Deadbat’s end of term report continues with an assessment of the chairman, Kevin McCabe.
In my time as a United fan, Kevin McCabe is easily the best chairman we have ever had.
He has turned us into a proper club with a stadium to be proud of, complete with an hotel, superb training facilities, the academy, the links with other clubs and the way he fought the Tevez affair and won.
He is an astute businessman who has made sure we have not gone down the route of many other clubs who have dropped out of the Premier League. We have the stability and organisation we never had before, and in comparison with our city neighbours we are streets ahead in customer service, ticketing, facilities and professionalism.
We are comfortably the strongest club in Yorkshire.
However, there have been some major flaws in McCabe’s and the Board’s decisions in recent years. We had a golden opportunity to consolidate as a Premier League club, but that fateful rainy day in May against Wigan saw the start of the downward spiral.
With better management and boardroom decisions, we could have bounced back quickly. The start came with the appointment of Bryan Robson, and ‘Turry’ Robinson’s chairmanship. These two set the club back with stupid financial decisions and poor player recruitment (ageing players on high wages).
McCabe had a chance to change things last year when Kevin Blackwell offered to stand down; this season probably shows he should have shook the manager’s hand and looked for a fresh replacement.
However, he also wanted someone who could carry on cutting the wage bill while keeping United competitive. For all his critics, Blackwell has been able to achieve these two apparently conflicting aims.
The sales of the two Kyles were inevitable, and no club in the Championship would have turned down the money offered, but could have been better managed - McCabe’s comments about putting “the shutters down” a week before the players were sold springs to mind. And the season-long loan and return to Spurs of Walker contrasts poorly with that of Billy Sharp, who could not be recalled.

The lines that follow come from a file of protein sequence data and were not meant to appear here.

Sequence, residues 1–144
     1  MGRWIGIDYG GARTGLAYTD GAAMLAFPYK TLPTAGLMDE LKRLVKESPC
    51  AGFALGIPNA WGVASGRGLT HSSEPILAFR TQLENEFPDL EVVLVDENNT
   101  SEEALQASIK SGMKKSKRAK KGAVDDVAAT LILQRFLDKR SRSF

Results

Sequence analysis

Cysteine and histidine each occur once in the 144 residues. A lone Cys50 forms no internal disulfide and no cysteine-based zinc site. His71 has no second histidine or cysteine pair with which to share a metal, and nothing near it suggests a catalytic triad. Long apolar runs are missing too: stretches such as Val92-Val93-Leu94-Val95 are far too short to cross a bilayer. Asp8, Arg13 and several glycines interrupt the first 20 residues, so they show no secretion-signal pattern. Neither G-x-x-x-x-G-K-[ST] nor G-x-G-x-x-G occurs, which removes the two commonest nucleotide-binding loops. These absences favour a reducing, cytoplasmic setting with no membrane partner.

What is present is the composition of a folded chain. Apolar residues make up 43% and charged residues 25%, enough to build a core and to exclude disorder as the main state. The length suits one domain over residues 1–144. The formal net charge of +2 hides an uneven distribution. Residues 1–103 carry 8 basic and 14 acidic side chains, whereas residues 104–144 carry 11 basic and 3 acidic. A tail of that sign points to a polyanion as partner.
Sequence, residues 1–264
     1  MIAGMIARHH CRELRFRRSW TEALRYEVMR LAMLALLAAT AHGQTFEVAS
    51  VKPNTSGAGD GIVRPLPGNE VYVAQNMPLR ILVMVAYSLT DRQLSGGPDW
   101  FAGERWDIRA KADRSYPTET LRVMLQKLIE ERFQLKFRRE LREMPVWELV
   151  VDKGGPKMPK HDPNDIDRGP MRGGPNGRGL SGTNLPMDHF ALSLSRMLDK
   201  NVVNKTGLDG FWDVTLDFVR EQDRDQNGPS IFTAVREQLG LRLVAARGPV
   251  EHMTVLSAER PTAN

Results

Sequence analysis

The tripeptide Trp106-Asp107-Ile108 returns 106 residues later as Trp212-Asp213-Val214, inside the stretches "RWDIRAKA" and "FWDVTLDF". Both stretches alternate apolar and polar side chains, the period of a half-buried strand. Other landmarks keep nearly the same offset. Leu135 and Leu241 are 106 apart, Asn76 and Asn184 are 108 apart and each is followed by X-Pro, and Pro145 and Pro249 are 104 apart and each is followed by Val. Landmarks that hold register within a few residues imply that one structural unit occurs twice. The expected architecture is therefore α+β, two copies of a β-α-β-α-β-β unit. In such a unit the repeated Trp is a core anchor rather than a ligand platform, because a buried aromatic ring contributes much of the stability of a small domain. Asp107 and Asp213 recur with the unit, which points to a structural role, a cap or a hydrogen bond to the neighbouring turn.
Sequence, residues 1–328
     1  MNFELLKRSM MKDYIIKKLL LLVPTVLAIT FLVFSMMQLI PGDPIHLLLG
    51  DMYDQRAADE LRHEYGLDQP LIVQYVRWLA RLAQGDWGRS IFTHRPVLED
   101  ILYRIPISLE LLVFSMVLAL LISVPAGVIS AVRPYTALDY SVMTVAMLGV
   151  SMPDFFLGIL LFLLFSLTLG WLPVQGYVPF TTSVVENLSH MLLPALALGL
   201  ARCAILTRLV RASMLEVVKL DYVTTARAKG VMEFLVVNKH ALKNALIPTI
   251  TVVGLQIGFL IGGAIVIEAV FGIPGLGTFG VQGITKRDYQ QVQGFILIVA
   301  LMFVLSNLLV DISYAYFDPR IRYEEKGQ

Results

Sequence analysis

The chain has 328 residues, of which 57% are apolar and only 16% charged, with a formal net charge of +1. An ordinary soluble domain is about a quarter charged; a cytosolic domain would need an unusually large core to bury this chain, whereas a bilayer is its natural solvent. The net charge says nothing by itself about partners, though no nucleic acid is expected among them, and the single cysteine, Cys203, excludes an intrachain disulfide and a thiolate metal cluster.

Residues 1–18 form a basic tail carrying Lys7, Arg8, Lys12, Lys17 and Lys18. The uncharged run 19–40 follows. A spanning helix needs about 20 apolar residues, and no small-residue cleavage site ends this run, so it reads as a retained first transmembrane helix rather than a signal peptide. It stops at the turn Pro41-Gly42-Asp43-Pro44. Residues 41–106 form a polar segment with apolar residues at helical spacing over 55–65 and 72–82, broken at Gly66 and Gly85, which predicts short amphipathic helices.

The chairman did keep giving the manager funds to bring loan players in, but for the most part, the squad was being cut further. McCabe’s obsession with the international partner clubs continues to rankle fans when nothing has materialised in terms of players or funds, and his foiled dream to bring World Cup football to the Lane also annoyed some.
Most supporters want more attention on the manager and the first-team squad and still feel this is not happening. Whilst other aspects of the club have come on leaps and bounds, the team is mediocre and the club is no closer to being a top-10 Premier League team than they were when McCabe took the helm over 10 years ago.
It is difficult to see McCabe putting more funds in, and the days of him throwing cash on big signings seem to be at an end. The poor signings last summer mean he will be more careful with his money, especially if Blackwell stays, though the chairman’s comments at recent forums about the playing style and mistakes over player recruitment means the manager’s future is not quite as secure as it once was.
McCabe still seems passionate enough, but the appointment of Trevor Birch, a man known for brokering takeovers, suggests an exit strategy. Maybe a takeover may be happening sooner than we think, which would be ironic considering the difficulties other clubs are having attracting investment.
What happens over the summer will be key. If Blackwell stays, McCabe will know that a poor start to the next campaign will see the manager departing one way or another. So does he back him or give him little to spend and watch the inevitable happen?
The latter seems more likely and if so, maybe a managerial change would make more sense now rather than waiting till the autumn.